If you start looking at packaging –cardboard, and then plastic wrapping, and then paper instructions that you’re just going to throw away – it becomes more obvious why there’s a panic over landfills. By buying in bulk, you’ll reduce the amount of packaging headed to the landfills. And if your favorite items don’t come in bulk, you’re not a green failure if you buy them.

“I love string cheese, and I love the individually wrapped string cheese,” she said. “And I’m an environmentalist. To make up for my individually wrapped string cheese, I try to buy in bulk in my other choices at the market.”

Really what is all comes down to, Zan said, is common sense. We all know to reduce, reuse and recycle, but knowing and practicing it as much as we can are two different things.

“It’s amazing how once you start getting into the habit of using less, of reducing your consumption, how easy it is. You start really thinking about what you need,” said Zan. “If I can just make one change in my life, that will make a vast difference. And if each of us just made one change today that we weren’t doing yesterday, you add up all the numbers across the country and we can vastly improve our planet because of the power of numbers. That’s all. Simple.”

MORE TIPS & TOOLS

Soul Crushing
See Zan and Paul in action in Who Killed the Electric Car?

Join the club!
Want to find some like minded electric car fans? Take a look at the Electric Auto Association and get info on how to rally for the cause.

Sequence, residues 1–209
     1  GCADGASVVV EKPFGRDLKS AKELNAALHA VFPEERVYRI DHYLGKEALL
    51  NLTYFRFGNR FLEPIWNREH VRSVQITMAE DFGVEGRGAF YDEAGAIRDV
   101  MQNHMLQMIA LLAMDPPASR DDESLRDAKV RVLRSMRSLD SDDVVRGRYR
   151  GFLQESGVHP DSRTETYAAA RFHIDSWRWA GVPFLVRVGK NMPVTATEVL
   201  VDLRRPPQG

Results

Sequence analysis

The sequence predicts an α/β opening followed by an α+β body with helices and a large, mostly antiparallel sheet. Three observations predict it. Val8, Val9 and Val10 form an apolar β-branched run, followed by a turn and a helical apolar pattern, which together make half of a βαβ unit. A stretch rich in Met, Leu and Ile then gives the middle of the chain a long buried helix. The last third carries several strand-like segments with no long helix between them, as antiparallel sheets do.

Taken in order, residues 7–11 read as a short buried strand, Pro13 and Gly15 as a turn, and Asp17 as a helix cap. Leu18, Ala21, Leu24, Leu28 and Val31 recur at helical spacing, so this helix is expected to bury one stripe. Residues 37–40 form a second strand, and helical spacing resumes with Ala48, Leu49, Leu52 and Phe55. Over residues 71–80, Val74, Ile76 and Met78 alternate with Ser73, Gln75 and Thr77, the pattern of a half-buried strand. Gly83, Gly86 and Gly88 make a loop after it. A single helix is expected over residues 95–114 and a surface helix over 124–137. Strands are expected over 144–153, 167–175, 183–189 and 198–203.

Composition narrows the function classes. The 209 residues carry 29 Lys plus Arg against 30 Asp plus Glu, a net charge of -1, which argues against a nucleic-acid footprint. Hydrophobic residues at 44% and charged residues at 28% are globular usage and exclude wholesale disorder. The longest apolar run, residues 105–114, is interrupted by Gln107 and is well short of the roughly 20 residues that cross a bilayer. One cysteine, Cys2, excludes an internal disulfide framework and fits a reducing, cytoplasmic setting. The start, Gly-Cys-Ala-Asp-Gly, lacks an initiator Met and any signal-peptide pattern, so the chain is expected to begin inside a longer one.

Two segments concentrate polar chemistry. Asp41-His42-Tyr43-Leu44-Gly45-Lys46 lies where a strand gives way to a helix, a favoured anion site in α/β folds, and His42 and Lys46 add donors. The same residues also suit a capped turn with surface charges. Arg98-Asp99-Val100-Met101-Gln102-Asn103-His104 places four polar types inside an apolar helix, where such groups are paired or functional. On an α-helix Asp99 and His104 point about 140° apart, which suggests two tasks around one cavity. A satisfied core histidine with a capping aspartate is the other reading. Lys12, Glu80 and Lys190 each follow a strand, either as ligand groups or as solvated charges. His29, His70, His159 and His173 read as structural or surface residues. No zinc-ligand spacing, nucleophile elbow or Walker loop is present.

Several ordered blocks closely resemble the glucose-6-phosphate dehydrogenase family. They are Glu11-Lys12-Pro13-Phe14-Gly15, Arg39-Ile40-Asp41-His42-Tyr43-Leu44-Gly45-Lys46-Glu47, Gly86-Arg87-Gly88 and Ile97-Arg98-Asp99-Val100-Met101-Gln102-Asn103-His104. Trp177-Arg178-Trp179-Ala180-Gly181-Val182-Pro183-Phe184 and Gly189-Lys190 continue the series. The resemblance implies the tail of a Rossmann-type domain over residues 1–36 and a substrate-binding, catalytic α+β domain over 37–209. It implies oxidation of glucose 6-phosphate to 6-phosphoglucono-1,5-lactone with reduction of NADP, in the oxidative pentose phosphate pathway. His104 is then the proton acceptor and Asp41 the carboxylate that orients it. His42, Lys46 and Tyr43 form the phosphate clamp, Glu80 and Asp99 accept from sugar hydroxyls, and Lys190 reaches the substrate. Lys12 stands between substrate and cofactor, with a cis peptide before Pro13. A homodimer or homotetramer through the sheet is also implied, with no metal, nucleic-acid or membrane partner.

A Trusted Advisor
Get the latest news and advisories on green automotives through Edmund’s Green Car Advisor.

Living on Sunshine

You’ve probably heard about the rotating skyscraper cloaked in solar panels that’s being built in Dubai. Basically it’s an unmatched feat of architecture and engineering, a sci-fi modernity that makes the suburbs seem otherworldly.

Still not impressed? Consider this: it’s the first skyscraper that’s also a power plant.

The Rotating Tower is what happens when possibility gets more attention than practicality… and what happens when what’s most practical gets incorporated into the what’s possible daydream.

Although Zan Dubin Scott’s house is less than 1% what the Rotating Tower will be, her passion for alternative energy is just as big.

Zan and her husband Paul have added solar panels to the rooftop of their Southern California home and started literally living off sunshine.

“My husband survived bladder cancer, and we decided we didn’t want to put off our life’s dreams anymore,” said Zan. “Having solar panels was on the top of the list, so on his 50th birthday, we had them installed.”

The completely hidden solar panels on the roof of their modest home give Paul and Zan all the electricity they need to run their washer, power their computers, light their rooms and even charge their electric car.

And, as an extra bonus, they’re actually making money of their investment.

“I took a look at the numbers and they actually made sense,” said Paul. “You actually make money with these. It’s an investment. If you put money into the stock market, you expect to get a return. We put money into solar panels, and we’re getting a really high return on our investment.”

Paul and Zan financed their solar panels and expect to have them paid off in less than 10 years (assuming 100+ mph winds don’t blow by and steal them). At that point, they’ll never have to pay for electricity again. They won’t have to worry about Enron scandals or blackouts because they’ll have their own energy source stored neatly on their roof, soaking up rays and turning it into power.

So what’s the biggest burden that comes with solar panels? Hosing off the bird poop once a year.